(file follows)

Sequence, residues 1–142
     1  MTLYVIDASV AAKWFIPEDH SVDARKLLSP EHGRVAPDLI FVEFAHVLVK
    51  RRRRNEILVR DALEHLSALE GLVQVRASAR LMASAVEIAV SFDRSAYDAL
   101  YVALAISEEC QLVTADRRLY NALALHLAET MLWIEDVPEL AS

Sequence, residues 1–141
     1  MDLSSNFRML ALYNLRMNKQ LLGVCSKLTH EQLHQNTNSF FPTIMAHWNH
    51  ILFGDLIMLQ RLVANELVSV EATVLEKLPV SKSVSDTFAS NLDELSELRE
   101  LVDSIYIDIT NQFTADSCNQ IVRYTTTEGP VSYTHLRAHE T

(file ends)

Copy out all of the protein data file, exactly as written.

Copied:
Sequence, residues 1–142
     1  MTLYVIDASV AAKWFIPEDH SVDARKLLSP EHGRVAPDLI FVEFAHVLVK
    51  RRRRNEILVR DALEHLSALE GLVQVRASAR LMASAVEIAV SFDRSAYDAL
   101  YVALAISEEC QLVTADRRLY NALALHLAET MLWIEDVPEL AS

Sequence, residues 1–141
     1  MDLSSNFRML ALYNLRMNKQ LLGVCSKLTH EQLHQNTNSF FPTIMAHWNH
    51  ILFGDLIMLQ RLVANELVSV EATVLEKLPV SKSVSDTFAS NLDELSELRE
   101  LVDSIYIDIT NQFTADSCNQ IVRYTTTEGP VSYTHLRAHE T